Dance has always been a method of self- expression for human beings. This book examines the political power of dance and especially its transgressive potential. Focusing on readings of dance pioneers Isadora Duncan and Martha Graham, Gumboots dancers in the gold mines of South Africa, the One Billion Rising movement using dance to protest against gendered violence, dabkeh in Palestine and dance as protest against human rights abuse in Israel, the Sun Dance within the Native American Crow tribe, the book focuses on the political power of dance and moments in which dance transgresses politics articulated in words. Thus the book seeks ways in which reading political dance as interruption unsettles conceptions of politics and dance.
This chapter presents a discussion of the connection between dance and human rights. Drawing on the concept of the human rights paradox in radical democratic theory. Two case studies are discussed; the practice of dabke as Palestinian national dance, and Archive, a dance work documenting human rights abuse in Palestine.
systemic properties from the sphere of radical contingency, Feenberg’s use of radicaldemocratictheory is to some extent a colonisation of it as well, such is his sense of the importance of technology to contemporary social and political dynamics. He writes, for instance that, ‘the social imperatives of capitalism are experienced as technical constraints rather than as political coercion’ ( 2002 : 69). This suggests that struggles over the articulation of the technical code are not running in tandem with contests for control of political discourse but actually supplant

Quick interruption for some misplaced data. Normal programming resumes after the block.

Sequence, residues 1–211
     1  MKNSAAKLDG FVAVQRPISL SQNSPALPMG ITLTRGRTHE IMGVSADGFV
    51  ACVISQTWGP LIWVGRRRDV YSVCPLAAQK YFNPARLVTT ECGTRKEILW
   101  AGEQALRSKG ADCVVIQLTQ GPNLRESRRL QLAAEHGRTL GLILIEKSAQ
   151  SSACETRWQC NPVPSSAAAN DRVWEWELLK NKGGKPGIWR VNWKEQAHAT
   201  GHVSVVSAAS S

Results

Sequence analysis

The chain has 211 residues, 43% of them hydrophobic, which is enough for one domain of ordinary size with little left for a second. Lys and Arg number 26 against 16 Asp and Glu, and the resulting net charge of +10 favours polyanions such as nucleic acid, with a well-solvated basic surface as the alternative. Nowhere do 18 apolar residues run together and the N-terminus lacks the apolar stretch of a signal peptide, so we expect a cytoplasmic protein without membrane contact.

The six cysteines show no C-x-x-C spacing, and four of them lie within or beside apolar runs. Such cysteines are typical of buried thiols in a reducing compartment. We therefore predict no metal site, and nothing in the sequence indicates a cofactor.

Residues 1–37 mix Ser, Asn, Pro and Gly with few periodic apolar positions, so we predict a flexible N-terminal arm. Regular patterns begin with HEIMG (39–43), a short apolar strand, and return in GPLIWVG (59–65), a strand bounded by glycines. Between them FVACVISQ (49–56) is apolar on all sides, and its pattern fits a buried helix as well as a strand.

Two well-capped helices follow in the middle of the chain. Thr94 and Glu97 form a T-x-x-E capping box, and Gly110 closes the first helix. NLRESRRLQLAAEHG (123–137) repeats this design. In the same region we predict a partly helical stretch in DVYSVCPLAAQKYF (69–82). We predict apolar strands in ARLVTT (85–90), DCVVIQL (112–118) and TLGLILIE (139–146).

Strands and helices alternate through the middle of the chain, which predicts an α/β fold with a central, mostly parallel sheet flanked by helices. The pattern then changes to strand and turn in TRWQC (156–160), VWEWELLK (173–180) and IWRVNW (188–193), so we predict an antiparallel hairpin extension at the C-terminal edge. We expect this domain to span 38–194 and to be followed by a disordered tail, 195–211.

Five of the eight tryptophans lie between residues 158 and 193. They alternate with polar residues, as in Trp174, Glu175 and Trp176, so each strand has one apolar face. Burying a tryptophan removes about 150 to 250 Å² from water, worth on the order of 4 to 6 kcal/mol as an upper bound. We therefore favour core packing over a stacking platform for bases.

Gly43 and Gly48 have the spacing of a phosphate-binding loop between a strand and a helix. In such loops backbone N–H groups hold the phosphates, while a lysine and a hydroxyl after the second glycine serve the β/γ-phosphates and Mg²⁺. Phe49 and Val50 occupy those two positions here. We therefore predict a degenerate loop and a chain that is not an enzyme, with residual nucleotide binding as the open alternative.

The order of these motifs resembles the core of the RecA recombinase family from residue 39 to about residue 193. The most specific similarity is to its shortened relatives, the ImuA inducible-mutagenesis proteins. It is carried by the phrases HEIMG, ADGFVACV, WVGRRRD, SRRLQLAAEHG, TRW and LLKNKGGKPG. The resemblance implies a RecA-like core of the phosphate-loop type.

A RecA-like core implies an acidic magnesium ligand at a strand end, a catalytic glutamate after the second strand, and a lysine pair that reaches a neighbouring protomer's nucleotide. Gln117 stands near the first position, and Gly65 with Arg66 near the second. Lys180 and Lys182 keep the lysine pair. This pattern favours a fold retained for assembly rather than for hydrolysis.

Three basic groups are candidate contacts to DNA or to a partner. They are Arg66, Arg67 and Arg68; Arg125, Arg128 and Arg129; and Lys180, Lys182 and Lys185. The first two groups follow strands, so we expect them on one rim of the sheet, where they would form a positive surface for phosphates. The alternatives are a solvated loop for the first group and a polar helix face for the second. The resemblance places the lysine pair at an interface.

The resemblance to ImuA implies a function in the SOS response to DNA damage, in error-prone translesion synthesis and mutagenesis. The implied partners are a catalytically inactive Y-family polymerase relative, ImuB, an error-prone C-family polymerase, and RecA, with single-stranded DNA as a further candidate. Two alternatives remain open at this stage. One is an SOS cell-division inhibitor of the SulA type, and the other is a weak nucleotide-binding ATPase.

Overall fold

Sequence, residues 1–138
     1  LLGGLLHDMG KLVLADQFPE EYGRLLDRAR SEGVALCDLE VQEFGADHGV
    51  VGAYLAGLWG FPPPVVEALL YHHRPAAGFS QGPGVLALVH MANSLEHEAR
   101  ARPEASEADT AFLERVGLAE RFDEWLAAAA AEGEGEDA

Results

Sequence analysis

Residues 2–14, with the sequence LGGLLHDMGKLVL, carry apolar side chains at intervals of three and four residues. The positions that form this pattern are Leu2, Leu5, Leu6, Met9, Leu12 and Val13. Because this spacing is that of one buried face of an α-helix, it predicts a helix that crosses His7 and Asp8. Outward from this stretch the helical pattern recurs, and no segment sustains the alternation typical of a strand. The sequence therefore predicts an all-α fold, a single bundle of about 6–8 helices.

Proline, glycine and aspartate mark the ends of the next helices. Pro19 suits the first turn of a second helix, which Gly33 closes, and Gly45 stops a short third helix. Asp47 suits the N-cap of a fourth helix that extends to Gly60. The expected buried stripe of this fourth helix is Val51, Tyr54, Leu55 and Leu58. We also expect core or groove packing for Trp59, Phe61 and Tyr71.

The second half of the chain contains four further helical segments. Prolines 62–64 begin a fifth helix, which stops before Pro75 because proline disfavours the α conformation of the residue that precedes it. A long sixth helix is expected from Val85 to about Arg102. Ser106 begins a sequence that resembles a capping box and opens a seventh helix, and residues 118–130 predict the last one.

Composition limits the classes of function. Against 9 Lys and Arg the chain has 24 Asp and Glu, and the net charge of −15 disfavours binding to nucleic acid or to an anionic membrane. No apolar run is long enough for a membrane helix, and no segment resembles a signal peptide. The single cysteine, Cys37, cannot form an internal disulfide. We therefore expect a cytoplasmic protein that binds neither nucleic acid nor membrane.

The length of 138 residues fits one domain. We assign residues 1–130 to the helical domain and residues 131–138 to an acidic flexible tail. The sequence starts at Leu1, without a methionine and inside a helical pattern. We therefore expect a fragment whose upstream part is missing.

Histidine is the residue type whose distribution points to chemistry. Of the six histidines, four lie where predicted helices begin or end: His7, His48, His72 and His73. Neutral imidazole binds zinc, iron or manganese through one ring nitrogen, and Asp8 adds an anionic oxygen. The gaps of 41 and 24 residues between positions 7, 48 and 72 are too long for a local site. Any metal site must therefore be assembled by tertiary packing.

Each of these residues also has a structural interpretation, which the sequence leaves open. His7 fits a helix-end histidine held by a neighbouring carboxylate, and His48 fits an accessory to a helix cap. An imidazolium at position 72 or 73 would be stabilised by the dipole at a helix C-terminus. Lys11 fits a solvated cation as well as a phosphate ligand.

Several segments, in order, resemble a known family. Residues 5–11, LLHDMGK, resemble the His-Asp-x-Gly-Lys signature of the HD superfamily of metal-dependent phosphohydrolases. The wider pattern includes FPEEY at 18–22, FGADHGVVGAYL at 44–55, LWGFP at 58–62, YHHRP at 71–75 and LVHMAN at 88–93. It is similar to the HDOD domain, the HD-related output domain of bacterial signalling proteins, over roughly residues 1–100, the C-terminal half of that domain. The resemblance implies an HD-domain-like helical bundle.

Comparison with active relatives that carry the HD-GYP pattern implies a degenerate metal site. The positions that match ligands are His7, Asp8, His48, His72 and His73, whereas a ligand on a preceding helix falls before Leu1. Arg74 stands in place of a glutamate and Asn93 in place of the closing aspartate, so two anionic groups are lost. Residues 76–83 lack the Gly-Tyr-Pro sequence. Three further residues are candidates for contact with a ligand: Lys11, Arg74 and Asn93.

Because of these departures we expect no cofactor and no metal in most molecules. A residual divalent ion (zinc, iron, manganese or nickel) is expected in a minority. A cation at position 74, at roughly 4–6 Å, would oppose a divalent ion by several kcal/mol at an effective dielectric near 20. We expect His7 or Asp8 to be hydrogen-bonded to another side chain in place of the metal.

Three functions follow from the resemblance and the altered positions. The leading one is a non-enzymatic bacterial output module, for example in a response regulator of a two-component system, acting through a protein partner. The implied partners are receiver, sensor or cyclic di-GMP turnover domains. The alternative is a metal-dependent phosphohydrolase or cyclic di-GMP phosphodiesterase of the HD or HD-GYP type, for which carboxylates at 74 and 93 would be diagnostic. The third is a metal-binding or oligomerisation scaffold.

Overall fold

organising and radical forms of action outside the institutional
framework. The key role of the labour movement for political and economic change is still
relevant today, despite the significant changes that have altered the global socio-economic
system. In their collective work, Joel Beinin and Frederic Vairel reiterate the durability of
economic reasons that fuel labour organising.
International financial institutions, as well as postmodern radicaldemocratictheory, despite their divergent perspectives, share the view that the
.g. political- economy perspectives) or as being produced through broader societal power relations (e.g. Foucauldian accounts). Radicaldemocratictheories view the self as being constructed through the actions of the masses as they develop common desires for equality. In contrast, a Meadian view places the self at the centre of analysis, but a self that is produced through intersubjective relations and which is complex and uneven, forged within the dynamics of different attitudes, values and conventions of social groups and the individuality of the constantly emergent ‘I